Musical communication, for the people

Being able to play music by ear is a truly liberating gift, but most of us need varying amounts of extra information to play a song or a piece of music. Chord and lyrics sheets, musical notation, tabs and the blessed YouTube are the currencies most used by ukulele players these days, depending on our requirements and skills. But our chosen method of musical communication should not define us!

Hmmm, skills. That includes reading musical notation doesn't it, and taps into the good old gap between the inclusivity of community music and the relatively exclusive domain of musical education, study, sight reading and AMEB exams. As an example: even after years of playing, singing and performing music since childhood, but with sporadic and limited formalised training on various instruments, when first I enquired about joining a ukulele group, I felt the need to provide a list of accomplishments to assure the convenor that I would not be a liability to the group, and anxiously awaited his response. That might mean I need therapy, but it's a general area of thought process quite a few of us can relate to.

Community music is really just doing something that has been part of human life since we drilled a couple of holes in a mammoth tusk to make a flute forty thousand years ago and probably before then. We in the west, however, seem to be very good at excluding ourselves from this activity unless we are: very good at/trained to do it, out of earshot, given permission, or alcohol affected. Even rock and roll and the great popular music explosion of the 60s has morphed from the people's music with its African tribal derivations, to an exclusive club populated by guitar heroes and the young and hip. Walk into your average music store and tell me it isn't so!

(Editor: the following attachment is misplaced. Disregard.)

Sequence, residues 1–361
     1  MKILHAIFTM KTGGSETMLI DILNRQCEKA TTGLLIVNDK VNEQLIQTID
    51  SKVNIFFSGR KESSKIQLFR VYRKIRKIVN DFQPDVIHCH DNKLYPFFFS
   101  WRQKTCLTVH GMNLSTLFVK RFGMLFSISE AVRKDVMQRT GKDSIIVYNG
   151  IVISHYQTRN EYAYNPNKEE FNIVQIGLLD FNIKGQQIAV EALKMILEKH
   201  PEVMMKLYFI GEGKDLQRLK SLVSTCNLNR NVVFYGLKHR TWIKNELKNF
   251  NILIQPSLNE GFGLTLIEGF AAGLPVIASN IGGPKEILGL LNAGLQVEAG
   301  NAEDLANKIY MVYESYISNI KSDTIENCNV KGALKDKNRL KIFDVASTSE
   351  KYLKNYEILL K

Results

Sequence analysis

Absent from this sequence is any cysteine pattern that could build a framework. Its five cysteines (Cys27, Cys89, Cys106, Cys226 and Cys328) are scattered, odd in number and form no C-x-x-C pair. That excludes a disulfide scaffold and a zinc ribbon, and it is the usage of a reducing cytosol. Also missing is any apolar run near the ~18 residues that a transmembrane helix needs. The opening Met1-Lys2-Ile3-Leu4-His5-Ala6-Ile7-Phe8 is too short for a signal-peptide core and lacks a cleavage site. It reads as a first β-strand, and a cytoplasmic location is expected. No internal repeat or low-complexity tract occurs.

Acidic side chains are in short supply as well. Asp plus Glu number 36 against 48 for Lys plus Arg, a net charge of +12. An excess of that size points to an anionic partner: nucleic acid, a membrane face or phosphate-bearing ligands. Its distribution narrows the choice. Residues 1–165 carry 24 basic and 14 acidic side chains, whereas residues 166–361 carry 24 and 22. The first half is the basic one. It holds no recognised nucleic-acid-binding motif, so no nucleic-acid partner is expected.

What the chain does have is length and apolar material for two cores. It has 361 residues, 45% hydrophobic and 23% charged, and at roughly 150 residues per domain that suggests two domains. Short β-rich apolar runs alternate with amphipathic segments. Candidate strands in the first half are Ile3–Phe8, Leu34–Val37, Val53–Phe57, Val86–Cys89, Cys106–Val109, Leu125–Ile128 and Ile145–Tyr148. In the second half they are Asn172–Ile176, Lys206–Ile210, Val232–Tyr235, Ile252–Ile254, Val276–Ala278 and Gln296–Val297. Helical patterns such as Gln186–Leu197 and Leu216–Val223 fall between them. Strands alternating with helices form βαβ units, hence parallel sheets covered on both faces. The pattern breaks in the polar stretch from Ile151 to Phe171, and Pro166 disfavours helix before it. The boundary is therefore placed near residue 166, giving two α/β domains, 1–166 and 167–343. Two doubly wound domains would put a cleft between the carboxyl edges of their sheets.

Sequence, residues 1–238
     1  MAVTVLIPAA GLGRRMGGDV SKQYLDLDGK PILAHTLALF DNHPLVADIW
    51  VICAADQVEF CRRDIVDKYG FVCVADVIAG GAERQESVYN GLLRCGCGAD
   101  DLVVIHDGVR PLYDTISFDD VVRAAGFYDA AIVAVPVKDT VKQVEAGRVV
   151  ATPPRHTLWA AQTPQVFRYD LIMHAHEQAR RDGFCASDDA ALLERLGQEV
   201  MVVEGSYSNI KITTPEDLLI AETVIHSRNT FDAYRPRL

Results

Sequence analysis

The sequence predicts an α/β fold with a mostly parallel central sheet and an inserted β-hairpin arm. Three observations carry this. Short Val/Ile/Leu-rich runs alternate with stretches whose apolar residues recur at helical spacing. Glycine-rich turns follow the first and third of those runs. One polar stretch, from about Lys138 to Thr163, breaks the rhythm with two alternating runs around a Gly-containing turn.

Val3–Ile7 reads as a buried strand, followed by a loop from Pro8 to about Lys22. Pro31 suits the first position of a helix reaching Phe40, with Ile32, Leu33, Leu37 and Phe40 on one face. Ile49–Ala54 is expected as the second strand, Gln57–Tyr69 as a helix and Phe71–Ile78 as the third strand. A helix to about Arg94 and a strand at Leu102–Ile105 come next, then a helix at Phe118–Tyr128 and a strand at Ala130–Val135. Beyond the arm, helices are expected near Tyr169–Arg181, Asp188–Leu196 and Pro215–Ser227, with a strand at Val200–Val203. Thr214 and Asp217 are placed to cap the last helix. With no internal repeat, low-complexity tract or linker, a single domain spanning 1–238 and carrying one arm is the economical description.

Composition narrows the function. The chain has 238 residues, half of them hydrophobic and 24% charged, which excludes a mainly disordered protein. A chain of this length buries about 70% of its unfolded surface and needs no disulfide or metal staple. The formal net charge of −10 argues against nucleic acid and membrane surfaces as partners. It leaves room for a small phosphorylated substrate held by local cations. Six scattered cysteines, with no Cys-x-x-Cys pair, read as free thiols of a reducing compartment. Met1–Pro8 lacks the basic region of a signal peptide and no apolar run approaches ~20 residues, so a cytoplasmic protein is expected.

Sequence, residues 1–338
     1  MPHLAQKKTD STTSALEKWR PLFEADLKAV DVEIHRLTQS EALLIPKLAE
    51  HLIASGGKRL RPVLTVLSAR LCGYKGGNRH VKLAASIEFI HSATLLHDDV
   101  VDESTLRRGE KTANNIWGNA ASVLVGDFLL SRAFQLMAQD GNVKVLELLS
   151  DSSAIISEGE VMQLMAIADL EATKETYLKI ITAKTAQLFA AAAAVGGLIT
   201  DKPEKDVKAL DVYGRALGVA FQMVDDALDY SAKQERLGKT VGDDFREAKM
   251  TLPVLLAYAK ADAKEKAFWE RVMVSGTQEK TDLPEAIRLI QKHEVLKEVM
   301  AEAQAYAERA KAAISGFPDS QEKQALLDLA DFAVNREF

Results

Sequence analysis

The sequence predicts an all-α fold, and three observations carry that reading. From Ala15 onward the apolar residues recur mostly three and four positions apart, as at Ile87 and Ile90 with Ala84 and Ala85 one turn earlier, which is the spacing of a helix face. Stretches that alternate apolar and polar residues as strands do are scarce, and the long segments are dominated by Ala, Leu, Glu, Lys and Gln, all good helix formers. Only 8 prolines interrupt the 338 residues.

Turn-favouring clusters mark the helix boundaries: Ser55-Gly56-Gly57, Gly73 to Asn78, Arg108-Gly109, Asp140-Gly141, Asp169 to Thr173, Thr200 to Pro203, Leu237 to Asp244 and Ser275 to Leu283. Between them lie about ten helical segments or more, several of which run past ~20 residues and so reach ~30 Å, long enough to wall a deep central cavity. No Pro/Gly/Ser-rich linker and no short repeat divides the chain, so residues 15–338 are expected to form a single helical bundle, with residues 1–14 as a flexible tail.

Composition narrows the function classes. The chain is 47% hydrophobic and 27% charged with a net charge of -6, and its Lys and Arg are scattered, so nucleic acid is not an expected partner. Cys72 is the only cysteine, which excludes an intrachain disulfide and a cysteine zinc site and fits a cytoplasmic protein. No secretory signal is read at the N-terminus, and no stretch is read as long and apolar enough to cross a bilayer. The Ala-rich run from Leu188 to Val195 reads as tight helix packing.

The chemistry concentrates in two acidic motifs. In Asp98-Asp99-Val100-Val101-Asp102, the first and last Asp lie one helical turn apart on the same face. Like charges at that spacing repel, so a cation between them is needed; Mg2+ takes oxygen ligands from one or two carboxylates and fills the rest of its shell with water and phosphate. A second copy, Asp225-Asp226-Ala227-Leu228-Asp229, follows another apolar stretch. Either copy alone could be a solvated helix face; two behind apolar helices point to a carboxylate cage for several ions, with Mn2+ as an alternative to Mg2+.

Ukulele groups, on the other hand, are giving people previously excluded (by themselves as much as others) permission and encouragement to do what comes naturally if you let it, and enjoy the social advantages of playing music together.

Musical notation has (only) been in use since the first century AD in Ancient Greece or Ancient Rome depending who presents the most compelling evidence. So...learn to read notation if you think it will help, or just look at it and see the rise and fall of notes for an overview. Use tablature confidently knowing that it was good enough for professional Renaissance lute players and many others since the Middle Ages. Chord and lyric sheets are a legacy of the 60s and the popularisation of guitar (a bit like uke now). But most important of all, use your ears and your heart to listen, learn, sing, play and enjoy, because music belongs to every one of us.